In an effort to make up for the past year’s pandemic-related struggles, Pacific University has recently released the free tuition semester. This semester is an extra semester where students can be enrolled in classes without paying any tuition. A normal semester for undergraduate students costs $23,101.
“This semester is a way for students who missed out on activities to have a chance to do those activities,” said the Dean of College of Arts and Sciences, Sarah Phillips.
With so many sports and programs at Pacific canceled the past year due to COVID-19, this is an excellent opportunity to get back that lost semester without having to worry about the cost of tuition. On top of that, any credits earned during the free tuition semester can be transferred to your major. This means that those who struggled with the transition to online learning and failed a couple of important classes, as a result, can recover using the free tuition semester. There are only three requirements to be eligible. First, you must be a full-time undergraduate student of Pacific. Second, you must be part of the Forest Grove campus and third, you must complete both the Fall 2020 and Spring 2020 semesters.
The reactions among students upon learning about this free tuition semester goes both ways.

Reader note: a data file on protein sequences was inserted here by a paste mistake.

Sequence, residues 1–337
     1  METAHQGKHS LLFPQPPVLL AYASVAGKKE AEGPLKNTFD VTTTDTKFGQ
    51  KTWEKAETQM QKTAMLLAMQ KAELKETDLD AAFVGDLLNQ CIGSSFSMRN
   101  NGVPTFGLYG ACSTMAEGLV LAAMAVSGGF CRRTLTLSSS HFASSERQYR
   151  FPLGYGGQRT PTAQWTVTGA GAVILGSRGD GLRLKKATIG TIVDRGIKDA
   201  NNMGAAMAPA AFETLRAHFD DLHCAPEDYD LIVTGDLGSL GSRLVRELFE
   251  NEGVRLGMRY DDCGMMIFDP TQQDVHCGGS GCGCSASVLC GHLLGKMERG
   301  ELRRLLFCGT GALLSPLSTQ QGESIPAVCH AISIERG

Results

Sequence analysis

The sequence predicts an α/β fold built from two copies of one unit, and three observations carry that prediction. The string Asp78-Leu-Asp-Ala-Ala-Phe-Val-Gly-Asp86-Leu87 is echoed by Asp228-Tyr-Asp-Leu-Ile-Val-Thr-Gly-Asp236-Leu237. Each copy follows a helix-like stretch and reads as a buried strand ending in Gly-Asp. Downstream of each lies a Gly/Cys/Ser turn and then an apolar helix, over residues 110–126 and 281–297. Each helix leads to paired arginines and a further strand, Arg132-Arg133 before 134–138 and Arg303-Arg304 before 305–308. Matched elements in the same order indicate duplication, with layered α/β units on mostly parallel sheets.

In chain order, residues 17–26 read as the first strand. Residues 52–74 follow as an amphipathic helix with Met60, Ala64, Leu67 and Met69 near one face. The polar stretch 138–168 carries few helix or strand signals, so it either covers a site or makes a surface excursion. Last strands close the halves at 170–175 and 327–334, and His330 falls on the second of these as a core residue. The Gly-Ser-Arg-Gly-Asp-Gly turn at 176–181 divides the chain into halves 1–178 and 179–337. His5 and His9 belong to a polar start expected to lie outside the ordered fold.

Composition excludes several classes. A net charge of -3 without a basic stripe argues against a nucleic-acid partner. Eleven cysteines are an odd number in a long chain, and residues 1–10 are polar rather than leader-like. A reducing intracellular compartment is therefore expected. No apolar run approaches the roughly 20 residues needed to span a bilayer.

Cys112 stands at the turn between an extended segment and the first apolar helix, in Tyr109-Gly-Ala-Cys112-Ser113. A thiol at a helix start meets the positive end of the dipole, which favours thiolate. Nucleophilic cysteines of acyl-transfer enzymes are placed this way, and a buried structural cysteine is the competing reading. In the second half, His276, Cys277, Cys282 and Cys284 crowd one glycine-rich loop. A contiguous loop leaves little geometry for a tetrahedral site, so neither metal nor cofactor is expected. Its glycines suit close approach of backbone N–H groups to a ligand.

“We could take certain classes for fun; like art classes,” said student Itzel Vazquez.
These are classes that she wouldn’t be able to take normally due to the requirements of her education major. Other students like Nathan Booth who majors in history with a minor in philosophy, weren’t as thrilled.
“None of the credits can be applied to getting a second degree or getting any other majors or minors while we’re here, and that was basically the reason why it really turned me off,” said Booth.
When deciding whether this is for you or not, the best thing to do according to Financial Aid Director, Leslie Limper, is to check out the website and the document since you can view it without submitting it. Click here for more information about the free tuition semester. — Kaleb Makimoto
Photo courtesy of Kaleb Makimoto